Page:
Erosion, Flood and Coastal Zone Management

About the Ministry

Erosion, Flood and Coastal Zone Management

Nigeria is richly endowed with abundant natural resources. It has a large landmass of approximately 924.00km2, rich fertile soils, and the highest agricultural land ration in Africa. The country is also blessed with an extensive coastline of about 850km length, which supports, abundant aquatic diversity and marine habitats. However, despite nature's profligate endowment and benevolence, indications of condition and trends of the natural environment, especially the status of the land and coastal resources base, reflect extensive and progressive deterioration, particularly within the last three decades.

The occurrence and increasing magnitudes of inland and coastal erosion, and flood hazards are common features in every part of the country. The increasing magnitudes of these problems might be linked to increased human population and the upset of the delicate ecological balance of nature though processes as deforestation, bush burning, overgrazing, and inappropriate land use practices; plus the general nature of Nigerian soils and other factors known to cause and socio-economic consequences of soil erosion, flood and coastal degradation are enormous.

Productive land and infrastructure are lost or destroyed in these processes, affecting social harmony worsening existing impoverishment aggravating rural poverty.

On a regional scale, gully erosion is most prevalent in the south eastern and the north eastern highlands parts of the country (South East, South, Eastern flange of North Central and the highland states of North East geopolitical zones).

Flood hazards are most prevalent in the major river flood plains and urban areas with inadequate drainage.

Coastal erosion and degradation affects the entire coastline, with greater occurrence around major coastal cities. The Lagos Bar Beach is the most dynamic as regards coastal degradation in the country.

Sheet erosion affects every part of the country, while gulling and flood menace also occur all over the country. The Department of EFCZ was thus created to provide policy guidelines and implementation strategies to curtail the menace of erosion, flood and coastal degradation.

Mission Statement:

Coordination and formulation of policies, programmes and projects to reduce and control land degradation especially Soil erosion, flood forecasting, prevention and control prevention and control of coastal degradation along the nation's coastline; water harvesting and management and general environmental improvement for sustainable development.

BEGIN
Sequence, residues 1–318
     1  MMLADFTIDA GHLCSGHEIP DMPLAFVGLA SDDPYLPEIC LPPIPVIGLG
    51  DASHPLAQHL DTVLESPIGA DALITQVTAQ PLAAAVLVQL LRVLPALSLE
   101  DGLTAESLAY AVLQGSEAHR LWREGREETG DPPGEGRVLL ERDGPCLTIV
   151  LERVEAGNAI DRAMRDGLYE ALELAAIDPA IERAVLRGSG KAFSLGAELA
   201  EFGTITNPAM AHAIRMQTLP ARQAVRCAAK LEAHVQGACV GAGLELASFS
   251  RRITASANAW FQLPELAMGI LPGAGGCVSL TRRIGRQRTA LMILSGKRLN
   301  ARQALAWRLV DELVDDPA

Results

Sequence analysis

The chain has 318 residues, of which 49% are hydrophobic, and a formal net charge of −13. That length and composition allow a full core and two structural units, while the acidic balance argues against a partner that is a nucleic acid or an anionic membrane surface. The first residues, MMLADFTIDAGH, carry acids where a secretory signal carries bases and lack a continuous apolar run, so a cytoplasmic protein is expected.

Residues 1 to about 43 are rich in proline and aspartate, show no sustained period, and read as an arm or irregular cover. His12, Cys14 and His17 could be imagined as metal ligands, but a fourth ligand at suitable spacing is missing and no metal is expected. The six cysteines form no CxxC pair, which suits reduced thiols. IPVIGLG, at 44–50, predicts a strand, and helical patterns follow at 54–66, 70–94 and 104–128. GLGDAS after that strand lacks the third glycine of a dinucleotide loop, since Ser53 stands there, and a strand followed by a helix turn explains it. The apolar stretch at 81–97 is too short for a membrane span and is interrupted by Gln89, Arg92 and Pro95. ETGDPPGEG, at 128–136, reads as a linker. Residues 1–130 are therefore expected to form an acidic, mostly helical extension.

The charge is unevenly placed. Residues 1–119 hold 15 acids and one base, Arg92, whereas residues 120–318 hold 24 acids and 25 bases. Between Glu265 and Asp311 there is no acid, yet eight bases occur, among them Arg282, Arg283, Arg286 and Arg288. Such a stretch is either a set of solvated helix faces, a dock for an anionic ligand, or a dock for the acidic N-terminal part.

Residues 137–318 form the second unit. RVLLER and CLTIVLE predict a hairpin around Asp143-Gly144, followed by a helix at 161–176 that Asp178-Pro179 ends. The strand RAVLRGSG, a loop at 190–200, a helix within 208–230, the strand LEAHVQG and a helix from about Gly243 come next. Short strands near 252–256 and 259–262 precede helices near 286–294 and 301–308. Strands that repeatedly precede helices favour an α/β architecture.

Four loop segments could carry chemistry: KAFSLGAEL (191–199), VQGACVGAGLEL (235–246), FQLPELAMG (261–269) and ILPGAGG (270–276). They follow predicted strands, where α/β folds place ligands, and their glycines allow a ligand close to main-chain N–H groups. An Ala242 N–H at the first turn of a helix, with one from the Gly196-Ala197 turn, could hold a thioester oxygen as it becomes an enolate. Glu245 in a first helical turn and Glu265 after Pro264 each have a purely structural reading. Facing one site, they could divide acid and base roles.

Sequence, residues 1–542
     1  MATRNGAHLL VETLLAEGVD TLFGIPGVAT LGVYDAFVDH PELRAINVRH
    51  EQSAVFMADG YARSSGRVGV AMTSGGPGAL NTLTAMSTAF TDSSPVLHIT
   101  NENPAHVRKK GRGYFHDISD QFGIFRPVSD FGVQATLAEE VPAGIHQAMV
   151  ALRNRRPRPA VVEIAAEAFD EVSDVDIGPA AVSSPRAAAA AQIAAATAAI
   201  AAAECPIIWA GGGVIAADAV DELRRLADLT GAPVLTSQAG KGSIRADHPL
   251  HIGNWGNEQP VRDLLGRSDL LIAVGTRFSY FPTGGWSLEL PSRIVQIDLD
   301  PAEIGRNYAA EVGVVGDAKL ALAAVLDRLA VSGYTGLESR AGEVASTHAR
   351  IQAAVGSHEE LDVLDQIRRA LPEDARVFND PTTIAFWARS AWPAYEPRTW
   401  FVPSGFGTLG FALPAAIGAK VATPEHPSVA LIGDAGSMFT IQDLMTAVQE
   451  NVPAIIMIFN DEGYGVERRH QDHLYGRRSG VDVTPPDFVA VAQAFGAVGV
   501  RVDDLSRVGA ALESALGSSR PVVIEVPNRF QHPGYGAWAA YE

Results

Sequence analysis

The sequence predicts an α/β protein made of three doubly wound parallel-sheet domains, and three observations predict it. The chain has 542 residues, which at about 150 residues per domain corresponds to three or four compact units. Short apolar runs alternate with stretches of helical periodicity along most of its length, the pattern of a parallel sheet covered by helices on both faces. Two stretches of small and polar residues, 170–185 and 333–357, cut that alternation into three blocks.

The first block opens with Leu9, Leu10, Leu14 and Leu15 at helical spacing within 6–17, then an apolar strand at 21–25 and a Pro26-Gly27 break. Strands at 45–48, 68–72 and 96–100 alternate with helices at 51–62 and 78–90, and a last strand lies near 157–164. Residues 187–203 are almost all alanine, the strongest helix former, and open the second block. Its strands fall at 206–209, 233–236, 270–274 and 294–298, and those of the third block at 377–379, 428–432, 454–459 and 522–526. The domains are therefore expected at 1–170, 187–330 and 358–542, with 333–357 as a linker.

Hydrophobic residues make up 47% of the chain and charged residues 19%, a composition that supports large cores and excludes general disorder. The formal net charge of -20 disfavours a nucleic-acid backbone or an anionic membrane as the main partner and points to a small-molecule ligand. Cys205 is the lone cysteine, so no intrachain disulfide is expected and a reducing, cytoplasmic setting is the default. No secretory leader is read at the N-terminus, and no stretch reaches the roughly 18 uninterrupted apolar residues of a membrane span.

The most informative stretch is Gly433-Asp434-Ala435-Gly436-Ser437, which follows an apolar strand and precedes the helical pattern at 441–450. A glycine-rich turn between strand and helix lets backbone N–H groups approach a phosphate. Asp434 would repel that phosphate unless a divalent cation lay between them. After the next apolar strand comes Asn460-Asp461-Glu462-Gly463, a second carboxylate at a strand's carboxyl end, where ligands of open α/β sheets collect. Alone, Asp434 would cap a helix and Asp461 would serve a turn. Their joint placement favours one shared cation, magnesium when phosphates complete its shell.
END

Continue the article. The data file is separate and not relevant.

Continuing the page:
It is positioned to initiate and execute measures that curtails or minimizes the effects of factors that accelerate or aggravate the processes of Soil erosion, flood and coastal degradation; executes project that ameliorate the impacts of erosion, flood and coastal degradation; initiates and promote the capture and efficient utilization of rain water; creates awareness on practices that minimizes erosion, flood and coastal degradation; collates and disseminate data in its areas of mandate.


  • Development of integrated biotechnological measures for the management (prevention and control) of inland and coastal erosion, land degradation, and flood hazards;
  • Update and dissemination of information on the status of erosion, flood and coastal degradation menace nationwide, through continuous monitoring and assessment of these ecological problems;
  • National Policy formulation for inland and coastal erosion management, water harvesting and management;
  • Flood forecasting, prediction and early warning and flood hazard/vulnerability analysis;
  • Water harvesting and management including the development of strategies for potential recharge of subsurface aquifers using flood water;
  • Catchments area protection, Soil and water conservation;
  • Institutional and human resources capacities improvements for the management, water harvesting and management


The Department of Erosion, Flood and Coastal Zone Management is struct

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